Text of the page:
Adobe illustrator is rather good at vectorizing images as well. The built-in function for this is called Image Trace and it allows you to set a bunch of parameters that control how well paths and corners are followed, how small a group of pixels has to be to be considered noise and how many colors you want to use in the vectorized version. A down-side of Adobe Illustrator is the price. It is expensive so if you don't have a license via your work or university or happen to own the package because (for example) you use Photoshop for photo processing then that might be a dealbreaker.
Illustrator takes virtually any raster image format as input and can export to .eps, .pdf and .svg as the most common vector. My experience with the image trace option is that it is extremely simple to use. You open an image in Illustrator (for example .png), click Window > Image trace and you can starting setting controls. Once you're done you hit trace to see the vectorized result and if you are happy with the result you can go to Object > Image trace > Expand to do the final splitting of the vectorized image in separate vector units.
To showcase the capabilities of the program in vectorization I have two examples. The first is an example image of a color explosion is shown below to showcase how well it reproduces all the colors. You can recognize that the picture on the right is vectorized from the blue outline in the bottom right, which is a vector patch.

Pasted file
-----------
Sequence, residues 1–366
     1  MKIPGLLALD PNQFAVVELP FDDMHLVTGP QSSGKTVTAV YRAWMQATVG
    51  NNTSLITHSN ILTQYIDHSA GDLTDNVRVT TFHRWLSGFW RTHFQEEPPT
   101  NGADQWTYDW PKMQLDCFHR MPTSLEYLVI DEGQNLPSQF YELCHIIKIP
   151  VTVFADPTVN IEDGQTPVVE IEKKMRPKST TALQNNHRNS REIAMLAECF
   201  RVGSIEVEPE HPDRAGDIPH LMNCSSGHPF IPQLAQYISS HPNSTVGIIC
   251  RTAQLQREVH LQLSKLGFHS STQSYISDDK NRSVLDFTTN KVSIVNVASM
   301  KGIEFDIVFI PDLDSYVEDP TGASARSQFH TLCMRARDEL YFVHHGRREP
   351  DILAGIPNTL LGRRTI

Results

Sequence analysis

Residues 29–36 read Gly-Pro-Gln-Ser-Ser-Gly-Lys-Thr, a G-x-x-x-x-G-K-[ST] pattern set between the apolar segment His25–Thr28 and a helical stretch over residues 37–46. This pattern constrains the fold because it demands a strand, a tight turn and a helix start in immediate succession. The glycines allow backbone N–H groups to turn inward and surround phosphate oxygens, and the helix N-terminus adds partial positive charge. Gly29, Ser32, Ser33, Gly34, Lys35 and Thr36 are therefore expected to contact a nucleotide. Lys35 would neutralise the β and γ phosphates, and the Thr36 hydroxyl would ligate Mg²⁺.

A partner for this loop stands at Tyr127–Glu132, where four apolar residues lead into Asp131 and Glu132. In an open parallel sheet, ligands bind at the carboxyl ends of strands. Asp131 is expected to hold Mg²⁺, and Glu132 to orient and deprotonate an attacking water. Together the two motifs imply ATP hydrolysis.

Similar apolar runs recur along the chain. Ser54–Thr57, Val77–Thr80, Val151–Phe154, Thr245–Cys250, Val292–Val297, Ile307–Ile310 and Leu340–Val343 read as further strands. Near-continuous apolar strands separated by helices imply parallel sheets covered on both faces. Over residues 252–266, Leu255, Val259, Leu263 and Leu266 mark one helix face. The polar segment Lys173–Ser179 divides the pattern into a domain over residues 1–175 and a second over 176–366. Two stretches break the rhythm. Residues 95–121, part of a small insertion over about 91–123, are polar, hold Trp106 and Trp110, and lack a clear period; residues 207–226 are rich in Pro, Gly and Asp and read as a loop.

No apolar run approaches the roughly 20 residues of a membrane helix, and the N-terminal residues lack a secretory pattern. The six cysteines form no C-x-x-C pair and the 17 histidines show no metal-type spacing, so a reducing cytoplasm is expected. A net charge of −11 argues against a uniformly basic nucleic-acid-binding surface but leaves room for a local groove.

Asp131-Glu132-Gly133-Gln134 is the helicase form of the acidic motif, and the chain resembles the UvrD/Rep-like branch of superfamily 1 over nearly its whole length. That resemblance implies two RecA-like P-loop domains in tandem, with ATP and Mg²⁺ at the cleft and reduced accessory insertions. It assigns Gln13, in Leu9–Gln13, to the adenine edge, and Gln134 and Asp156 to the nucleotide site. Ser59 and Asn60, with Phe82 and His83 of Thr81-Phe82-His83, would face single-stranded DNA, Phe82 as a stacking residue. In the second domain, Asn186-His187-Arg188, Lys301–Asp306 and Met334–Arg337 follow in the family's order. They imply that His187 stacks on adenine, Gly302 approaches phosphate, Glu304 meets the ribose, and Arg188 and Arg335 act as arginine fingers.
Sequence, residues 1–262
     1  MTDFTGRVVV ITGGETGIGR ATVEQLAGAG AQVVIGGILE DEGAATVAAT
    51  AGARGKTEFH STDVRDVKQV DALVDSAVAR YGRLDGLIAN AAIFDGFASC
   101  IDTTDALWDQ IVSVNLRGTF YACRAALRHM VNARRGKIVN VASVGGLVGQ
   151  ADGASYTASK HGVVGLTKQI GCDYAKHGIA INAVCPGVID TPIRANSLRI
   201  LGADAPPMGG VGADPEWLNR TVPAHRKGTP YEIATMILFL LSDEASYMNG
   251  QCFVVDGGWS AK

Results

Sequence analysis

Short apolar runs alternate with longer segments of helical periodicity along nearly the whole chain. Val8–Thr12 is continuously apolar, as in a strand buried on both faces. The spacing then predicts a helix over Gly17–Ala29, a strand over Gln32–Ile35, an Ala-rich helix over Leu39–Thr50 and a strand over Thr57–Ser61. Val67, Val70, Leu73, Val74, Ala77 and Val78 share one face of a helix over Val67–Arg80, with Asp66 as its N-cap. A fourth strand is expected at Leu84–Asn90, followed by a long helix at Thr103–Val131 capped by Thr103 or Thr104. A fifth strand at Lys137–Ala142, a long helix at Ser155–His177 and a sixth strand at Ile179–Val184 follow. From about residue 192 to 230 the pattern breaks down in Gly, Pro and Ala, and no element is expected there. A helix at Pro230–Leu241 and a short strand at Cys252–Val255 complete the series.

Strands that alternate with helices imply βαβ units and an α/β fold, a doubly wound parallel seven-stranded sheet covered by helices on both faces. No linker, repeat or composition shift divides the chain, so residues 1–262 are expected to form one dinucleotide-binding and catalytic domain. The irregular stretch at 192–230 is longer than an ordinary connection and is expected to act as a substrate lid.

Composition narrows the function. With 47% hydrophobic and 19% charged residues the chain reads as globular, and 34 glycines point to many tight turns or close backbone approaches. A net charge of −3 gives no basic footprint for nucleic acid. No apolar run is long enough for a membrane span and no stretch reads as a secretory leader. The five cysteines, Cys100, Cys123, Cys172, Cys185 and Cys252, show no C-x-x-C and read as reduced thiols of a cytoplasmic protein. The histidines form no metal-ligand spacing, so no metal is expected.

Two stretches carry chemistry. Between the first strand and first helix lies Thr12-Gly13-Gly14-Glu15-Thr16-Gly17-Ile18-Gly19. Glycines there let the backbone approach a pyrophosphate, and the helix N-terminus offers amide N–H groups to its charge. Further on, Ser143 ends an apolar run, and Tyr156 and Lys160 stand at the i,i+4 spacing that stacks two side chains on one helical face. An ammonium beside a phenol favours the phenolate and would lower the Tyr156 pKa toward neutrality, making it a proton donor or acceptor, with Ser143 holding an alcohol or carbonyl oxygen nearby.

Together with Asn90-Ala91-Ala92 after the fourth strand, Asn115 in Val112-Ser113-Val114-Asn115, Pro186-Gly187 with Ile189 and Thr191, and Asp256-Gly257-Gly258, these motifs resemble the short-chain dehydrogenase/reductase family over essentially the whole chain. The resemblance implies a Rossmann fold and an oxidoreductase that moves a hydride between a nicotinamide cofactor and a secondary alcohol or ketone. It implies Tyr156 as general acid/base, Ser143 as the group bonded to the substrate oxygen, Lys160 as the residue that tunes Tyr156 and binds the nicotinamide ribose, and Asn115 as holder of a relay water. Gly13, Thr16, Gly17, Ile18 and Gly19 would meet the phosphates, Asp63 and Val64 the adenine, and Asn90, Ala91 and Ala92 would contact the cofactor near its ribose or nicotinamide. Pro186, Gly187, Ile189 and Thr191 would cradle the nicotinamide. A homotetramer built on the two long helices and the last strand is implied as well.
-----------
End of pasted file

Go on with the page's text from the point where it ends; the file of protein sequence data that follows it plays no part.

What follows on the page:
In the second example image below you see the options menu for the image trace with the settings that you can adjust. A landscape image is pretty much the hardest thing to vectorize because of the continues color gradients throughout the image. The bottom image shows the result from illustrator when you set both paths and corners to 100% and recognize only single pixels as noise.
As you can see the vectorized image (recognizable from the fact that the options in the image trace have been disabled) look closely similar to the original, except for the white-ish streaks in the image. This is in fact a rendering issue of the vector image which disappears if you zoom in a bit (see bottom image).